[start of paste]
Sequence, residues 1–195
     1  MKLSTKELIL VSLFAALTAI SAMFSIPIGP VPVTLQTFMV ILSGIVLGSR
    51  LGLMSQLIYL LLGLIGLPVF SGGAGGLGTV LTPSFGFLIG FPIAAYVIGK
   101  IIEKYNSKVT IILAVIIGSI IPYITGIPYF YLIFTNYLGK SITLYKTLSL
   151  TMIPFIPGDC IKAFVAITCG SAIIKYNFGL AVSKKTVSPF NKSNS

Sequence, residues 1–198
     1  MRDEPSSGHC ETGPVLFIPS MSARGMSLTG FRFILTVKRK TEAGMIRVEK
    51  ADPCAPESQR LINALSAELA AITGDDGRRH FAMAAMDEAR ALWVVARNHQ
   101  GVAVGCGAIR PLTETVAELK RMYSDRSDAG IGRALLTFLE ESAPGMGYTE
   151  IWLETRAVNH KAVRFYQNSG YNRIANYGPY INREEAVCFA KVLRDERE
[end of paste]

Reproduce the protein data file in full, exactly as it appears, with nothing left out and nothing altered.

Sequence, residues 1–195
     1  MKLSTKELIL VSLFAALTAI SAMFSIPIGP VPVTLQTFMV ILSGIVLGSR
    51  LGLMSQLIYL LLGLIGLPVF SGGAGGLGTV LTPSFGFLIG FPIAAYVIGK
   101  IIEKYNSKVT IILAVIIGSI IPYITGIPYF YLIFTNYLGK SITLYKTLSL
   151  TMIPFIPGDC IKAFVAITCG SAIIKYNFGL AVSKKTVSPF NKSNS

Sequence, residues 1–198
     1  MRDEPSSGHC ETGPVLFIPS MSARGMSLTG FRFILTVKRK TEAGMIRVEK
    51  ADPCAPESQR LINALSAELA AITGDDGRRH FAMAAMDEAR ALWVVARNHQ
   101  GVAVGCGAIR PLTETVAELK RMYSDRSDAG IGRALLTFLE ESAPGMGYTE
   151  IWLETRAVNH KAVRFYQNSG YNRIANYGPY INREEAVCFA KVLRDERE